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If You Can't Say the N-Word, Use Quotes?

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Maybe Spike Lee was on to something.

On the release some 15 years ago of Quentin Tarantino's Jackie Brown, Spike Lee counted 38 instances of the use of the "N Word." Spike, quite understandably, took offense and wondered aloud as to Tarantino's motivation:

"I will say it again and again. I have a definite problem with Quentin Tarantino's excessive use of the n-word... It's just the n-word, the n-word, the n-word."

Last week, the Daily Caller's Tucker Carlson dredged up a pre-Presidency video of Barack Obama giving a speech to a largely African-American audience in which he employs a noticeable African-American cadence and accent, claiming that it was evidence of race divisiveness: a Hawaiian-born, private school-bred President selectively turning it on in front of black audiences.

Andrew Sullivan, blogger for The Daily Beast, has devoted his last few columns exploring Obama's "implosion" in his first televised debate with Mitt Romney. Sullivan has been eager to find a reason as to why Obama did not confront Romney with the now infamous "47 per cent" audio. In speculating that Obama may have been rattled by the release a few days earlier of Carlson's Obama tape, Sullivan wrote:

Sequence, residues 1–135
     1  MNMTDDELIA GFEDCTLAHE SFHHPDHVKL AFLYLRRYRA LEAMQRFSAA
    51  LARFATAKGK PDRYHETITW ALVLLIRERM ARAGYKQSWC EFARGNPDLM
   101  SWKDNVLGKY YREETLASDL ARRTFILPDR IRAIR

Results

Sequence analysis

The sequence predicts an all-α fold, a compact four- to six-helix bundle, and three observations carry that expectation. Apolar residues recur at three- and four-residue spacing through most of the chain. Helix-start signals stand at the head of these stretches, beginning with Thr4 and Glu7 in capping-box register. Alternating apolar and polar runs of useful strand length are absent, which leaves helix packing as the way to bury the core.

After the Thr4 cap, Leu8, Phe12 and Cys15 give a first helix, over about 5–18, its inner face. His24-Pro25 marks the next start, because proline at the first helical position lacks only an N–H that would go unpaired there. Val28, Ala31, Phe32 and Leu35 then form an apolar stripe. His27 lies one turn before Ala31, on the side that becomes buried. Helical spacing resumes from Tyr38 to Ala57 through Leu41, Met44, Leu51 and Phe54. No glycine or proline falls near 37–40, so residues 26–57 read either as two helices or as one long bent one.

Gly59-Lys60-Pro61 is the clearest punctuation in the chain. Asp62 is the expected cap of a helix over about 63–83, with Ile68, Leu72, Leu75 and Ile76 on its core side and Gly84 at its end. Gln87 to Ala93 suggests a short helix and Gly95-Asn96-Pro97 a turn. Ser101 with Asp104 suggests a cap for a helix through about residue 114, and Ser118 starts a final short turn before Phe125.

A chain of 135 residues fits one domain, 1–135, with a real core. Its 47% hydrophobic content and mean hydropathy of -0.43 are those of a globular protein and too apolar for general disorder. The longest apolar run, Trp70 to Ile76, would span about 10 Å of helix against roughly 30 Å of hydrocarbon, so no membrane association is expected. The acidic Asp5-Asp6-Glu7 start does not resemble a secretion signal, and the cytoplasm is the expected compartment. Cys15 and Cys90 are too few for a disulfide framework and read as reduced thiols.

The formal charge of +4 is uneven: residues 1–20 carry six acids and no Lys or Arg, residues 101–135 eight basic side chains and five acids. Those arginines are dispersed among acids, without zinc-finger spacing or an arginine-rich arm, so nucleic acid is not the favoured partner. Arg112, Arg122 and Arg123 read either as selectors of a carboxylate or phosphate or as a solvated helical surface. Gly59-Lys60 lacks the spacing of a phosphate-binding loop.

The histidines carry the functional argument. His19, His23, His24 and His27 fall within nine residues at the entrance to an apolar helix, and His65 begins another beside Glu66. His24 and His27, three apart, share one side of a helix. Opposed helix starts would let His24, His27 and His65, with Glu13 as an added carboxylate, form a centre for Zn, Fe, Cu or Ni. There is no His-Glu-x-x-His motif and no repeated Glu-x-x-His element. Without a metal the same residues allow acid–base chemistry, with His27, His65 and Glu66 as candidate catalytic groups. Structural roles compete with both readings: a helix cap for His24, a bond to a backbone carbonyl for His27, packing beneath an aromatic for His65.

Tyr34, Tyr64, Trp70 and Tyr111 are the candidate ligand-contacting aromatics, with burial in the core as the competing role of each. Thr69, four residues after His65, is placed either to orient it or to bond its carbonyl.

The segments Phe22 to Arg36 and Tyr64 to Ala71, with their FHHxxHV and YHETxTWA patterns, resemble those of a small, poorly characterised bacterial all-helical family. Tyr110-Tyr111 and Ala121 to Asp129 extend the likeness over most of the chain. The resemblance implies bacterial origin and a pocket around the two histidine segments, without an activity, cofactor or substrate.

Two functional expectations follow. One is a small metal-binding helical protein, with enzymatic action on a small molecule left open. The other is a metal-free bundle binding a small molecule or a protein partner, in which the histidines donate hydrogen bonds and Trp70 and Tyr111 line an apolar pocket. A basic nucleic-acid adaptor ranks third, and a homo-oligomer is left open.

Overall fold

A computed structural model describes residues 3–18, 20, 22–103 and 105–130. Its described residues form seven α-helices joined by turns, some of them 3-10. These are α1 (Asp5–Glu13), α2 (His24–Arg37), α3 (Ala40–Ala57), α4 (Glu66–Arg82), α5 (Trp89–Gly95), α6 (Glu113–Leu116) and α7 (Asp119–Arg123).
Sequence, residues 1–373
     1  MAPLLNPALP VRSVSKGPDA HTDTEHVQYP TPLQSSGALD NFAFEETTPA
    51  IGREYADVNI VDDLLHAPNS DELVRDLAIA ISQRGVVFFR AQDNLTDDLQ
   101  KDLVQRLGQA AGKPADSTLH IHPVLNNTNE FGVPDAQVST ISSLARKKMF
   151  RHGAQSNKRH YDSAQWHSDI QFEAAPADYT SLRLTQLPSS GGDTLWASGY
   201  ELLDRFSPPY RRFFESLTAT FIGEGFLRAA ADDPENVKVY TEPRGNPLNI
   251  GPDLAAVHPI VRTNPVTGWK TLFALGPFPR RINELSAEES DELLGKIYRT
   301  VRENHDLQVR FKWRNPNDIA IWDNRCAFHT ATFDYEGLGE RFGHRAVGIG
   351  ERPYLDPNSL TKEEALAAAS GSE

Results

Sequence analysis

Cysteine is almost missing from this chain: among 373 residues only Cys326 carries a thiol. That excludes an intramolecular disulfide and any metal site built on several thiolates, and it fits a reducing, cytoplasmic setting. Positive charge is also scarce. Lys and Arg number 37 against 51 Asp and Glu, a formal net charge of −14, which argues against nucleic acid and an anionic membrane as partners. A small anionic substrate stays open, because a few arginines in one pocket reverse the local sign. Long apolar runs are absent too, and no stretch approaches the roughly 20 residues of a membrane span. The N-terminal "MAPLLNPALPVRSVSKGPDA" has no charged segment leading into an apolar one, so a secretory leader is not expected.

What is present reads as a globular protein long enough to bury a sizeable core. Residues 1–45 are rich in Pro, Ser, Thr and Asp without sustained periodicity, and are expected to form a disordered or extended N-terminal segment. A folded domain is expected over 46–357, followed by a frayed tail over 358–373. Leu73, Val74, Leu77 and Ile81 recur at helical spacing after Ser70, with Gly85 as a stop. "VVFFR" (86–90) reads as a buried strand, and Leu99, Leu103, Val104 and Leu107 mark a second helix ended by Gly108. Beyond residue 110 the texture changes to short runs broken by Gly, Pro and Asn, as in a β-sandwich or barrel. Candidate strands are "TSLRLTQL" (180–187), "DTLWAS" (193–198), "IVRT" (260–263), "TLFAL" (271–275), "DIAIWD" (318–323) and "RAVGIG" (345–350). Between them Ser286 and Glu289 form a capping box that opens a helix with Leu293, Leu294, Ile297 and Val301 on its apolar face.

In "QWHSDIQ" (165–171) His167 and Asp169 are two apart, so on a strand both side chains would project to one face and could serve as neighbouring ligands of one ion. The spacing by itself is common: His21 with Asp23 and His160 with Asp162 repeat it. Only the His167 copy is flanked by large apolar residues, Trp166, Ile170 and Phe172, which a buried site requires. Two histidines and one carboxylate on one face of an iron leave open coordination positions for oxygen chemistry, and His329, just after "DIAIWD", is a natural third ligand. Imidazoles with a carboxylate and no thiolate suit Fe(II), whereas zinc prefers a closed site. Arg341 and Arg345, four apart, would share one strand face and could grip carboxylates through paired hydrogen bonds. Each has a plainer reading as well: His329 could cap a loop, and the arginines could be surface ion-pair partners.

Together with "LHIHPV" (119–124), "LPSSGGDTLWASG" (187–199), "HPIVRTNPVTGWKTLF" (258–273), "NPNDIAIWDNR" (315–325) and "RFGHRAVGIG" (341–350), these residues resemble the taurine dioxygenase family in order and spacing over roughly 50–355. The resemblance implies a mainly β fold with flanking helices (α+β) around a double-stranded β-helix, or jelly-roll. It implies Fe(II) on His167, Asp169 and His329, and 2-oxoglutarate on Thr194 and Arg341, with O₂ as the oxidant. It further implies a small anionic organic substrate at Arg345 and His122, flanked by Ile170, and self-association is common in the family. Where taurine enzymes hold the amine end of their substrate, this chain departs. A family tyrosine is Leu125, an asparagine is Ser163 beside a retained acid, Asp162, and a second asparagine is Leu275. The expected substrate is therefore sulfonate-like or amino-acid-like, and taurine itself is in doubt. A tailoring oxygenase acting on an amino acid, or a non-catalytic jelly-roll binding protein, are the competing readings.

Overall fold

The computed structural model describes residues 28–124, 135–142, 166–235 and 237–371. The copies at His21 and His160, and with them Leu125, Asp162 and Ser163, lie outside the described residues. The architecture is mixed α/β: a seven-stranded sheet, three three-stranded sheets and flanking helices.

If Obama was rattled by Drudge, Carlson and Hannity yelling "Remember he's a nigger!" the days before, then the Romney campaign has gotten into Obama's usually impermeable head.

I'm a reasonably well-educated man. My understanding is that the use of quotation marks -- double quotation marks, mind you -- mean that you are citing words verbatim that came out of the mouths of those to whom you assign those words. Sullivan did not use either single quotation marks nor italics which, to me, would have suggested an idea of what he, Andrew Sullivan, felt was in the hearts of these men; instead, he used double quotation marks.

I assume the column passed muster with The Daily Beast's editors.

Am I wrong in my understanding of the rules of grammar? If so, I will stand corrected. However, my cursory investigation via Google and Wikipedia suggests that there is room to manoeuvre when single quotation marks are employed in expressing ideas but not double quotation marks. One site that came up in the Google search cites Judith Butcher the author of Copy-Editing as follows: "e.g. double quotation marks for speech and single quotation marks for thoughts."

The use of double quotation marks is unambiguous: it means you are quoting someone directly.

By utilizing the double quotation marks, Sullivan has assigned the "N Word" to three individuals. I myself had to read the quote twice in order to determine what was going on. I concluded that the probability that all three gentlemen said the exact same words was unlikely and that it was Sullivan's own idea of what they felt and not what they said. However, is it possible that other readers will reach a different conclusion?

At the very least, Sullivan has seen fit to speculate as to what is in the hearts of Messrs. Drudge, Carlson, and Hannity. It is, therefore, only fair that we speculate on what was in Sullivan's heart when he decided to assign use of the "N Word" to them.

Sullivan has used his blog -- which attracts a substantial readership -- as a forum in which he can safely employ a word that he, Andrew Sullivan, would like to use but cannot. Instead, he cheaply reverts to using the word by proxy: assigning to others a word he himself would like to use.

Sound crazy? Out of left field? Perhaps. But no less crazy than including in double quotation marks words he assigns to those he disagrees with.